Featured Articles

Amboy Crater

Amboy Crater

This 250-foot-high crater is approximately 6,000 years old and one of the best examples in the Mojave Desert of a volcanic cinder cone. A footpath leads to the top of the cone where you can get a good view of the surrounding area. More...

Jack Rabbit

Jack Rabbits

Jack rabbits are true hares because, unlike the cottontailed rabbits, they do not build nests. The mother simply chooses a place to her liking and the young are born fully furred, with their eyes wide open. More...

Carrizo Gorge Railway

Carrizo Gorge Railway

At the very turn of the 21st century, a group of people hiked into the deepest part of San Diego's back country along the old railroad tracks. Weeds and shrubs had grown tall between the rail ties. Rockslides buried the rails in mountain passes. More...

Chinese graves at Concordia

Concordia - A Desert Graveyard

"Backdropped by the Franklin Mountains of Texas, El Paso's Concordia continues to be the best cemetery in the West," said True West, a national publication dedicated to preserving our Western heritage. "The most famous eternal resident is gunfighter John Wesley Hardin." More...

Explore the Desert

Fire Ant

Desert Animals

What animals live in the desert? How do animals survive in the desert? Learn about mammals, reptiles, birds, fish and amphibians that have adapted to the harsh desert ecosystems. Here is a list of animals that live in the desert with links to additional information on each animal. Learn how they survive in the desert biome. More...

Petrified Wood

Desert Plants

How do plants survive the desert? Desert flora have adapted to the extremes of heat and aridity by using both physical and behavioral mechanisms, much like desert animals. Here are links to the flora found in the deserts, with photos and information about each plant. More...

Grand Canyon

Desert Life - Animals, Plants, People and the Environment

Deserts cover more than one fifth of the Earth's land, and they are found on every continent. Deserts can be classified as "hot" or "cold". Deserts receive less than 10 inches of precipitation a year. Lack of water creates a survival problem for all desert organisms, animals, plants and people. More...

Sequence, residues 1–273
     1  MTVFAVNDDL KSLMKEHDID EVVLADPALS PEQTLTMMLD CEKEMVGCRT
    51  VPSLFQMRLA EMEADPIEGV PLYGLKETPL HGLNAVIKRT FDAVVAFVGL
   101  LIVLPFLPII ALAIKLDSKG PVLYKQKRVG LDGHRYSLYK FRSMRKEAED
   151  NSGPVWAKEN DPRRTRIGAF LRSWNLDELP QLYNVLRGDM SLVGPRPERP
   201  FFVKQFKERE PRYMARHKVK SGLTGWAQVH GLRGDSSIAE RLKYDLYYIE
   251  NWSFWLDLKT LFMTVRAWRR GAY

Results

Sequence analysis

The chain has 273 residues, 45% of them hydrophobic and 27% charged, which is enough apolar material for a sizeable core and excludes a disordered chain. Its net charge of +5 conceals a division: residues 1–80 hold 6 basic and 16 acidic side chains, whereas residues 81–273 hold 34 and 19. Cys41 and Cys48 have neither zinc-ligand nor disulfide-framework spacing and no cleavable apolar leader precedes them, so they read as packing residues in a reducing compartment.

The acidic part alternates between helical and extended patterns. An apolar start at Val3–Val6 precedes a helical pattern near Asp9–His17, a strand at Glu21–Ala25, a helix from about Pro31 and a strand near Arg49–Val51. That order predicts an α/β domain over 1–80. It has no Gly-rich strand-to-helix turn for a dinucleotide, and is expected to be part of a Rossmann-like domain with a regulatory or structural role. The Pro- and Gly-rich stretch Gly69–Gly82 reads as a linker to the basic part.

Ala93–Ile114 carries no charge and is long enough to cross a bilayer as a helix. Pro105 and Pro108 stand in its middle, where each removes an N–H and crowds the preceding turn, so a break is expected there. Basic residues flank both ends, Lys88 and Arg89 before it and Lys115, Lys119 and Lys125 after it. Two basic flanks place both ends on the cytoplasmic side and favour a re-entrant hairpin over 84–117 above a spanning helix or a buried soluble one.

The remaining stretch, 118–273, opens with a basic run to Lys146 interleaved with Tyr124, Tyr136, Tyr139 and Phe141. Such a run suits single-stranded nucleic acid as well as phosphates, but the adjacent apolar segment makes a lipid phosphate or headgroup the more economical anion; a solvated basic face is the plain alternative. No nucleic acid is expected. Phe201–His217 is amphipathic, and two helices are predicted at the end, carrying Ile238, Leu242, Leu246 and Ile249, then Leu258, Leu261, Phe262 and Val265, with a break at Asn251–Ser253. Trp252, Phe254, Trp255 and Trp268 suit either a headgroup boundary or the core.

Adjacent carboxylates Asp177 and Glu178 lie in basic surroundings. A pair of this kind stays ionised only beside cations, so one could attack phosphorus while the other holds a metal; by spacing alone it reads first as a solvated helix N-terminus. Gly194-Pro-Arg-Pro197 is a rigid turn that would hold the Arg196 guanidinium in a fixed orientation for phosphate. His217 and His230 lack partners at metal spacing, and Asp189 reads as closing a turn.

Burro Wash

Desert Activities -
Explore the Desert

The desert is a wonderful place to enjoy the outdoors and to spend time in recreational activities. People go to the desert to camp, to hike, to bike, to fish, to explore and to experience the unique environment found only in the American Southwest and its deserts. More...

Trending Top Stories

Dry Desert

Water, Water... Nowhere

Warning! In this story, you will find nothing about the magnificence of our Southwestern desert sunsets. Nothing about the splendor of our mountain ranges. Rather, you will find some grim details about the risks you can run if you take leave of cities and pavement and venture into the desert wilderness without full preparation for contingencies. More...

Wildflowers in the Desert

Social Distancing... and Wildflowers?

Here's something you can do to lift your spirits, while still maintaining social distancing as recommended by authorities. Since it's been raining, the wildflowers and cactuses in the desert are blooming! We're getting lots of wildflower photos from people. Enjoy. More...

Rattlesnake

Debunking Myths

Tact and silence are not always among my virtues. Rarely was this better displayed than at the first training session I attended as a new naturalist. The speaker, a well-seasoned and well-intentioned ranger, was describing black widows and the female's legendary proclivity for a post-mating snack. Before I could stop myself, I blurted out, "You're wrong!" More...

Overlooking the Colorado River

Hiking California to Oregon -
A 1000 Mile Trip

Be it fate or happenstance, I came across a 99ยข copy of an old book, The Thousand-Mile Summer, written by backpacking icon, Colin Fletcher. I was so inspired reading about his contemplative hike through the deserts and the Sierra that I decided to retrace his footsteps. More...

Desert News

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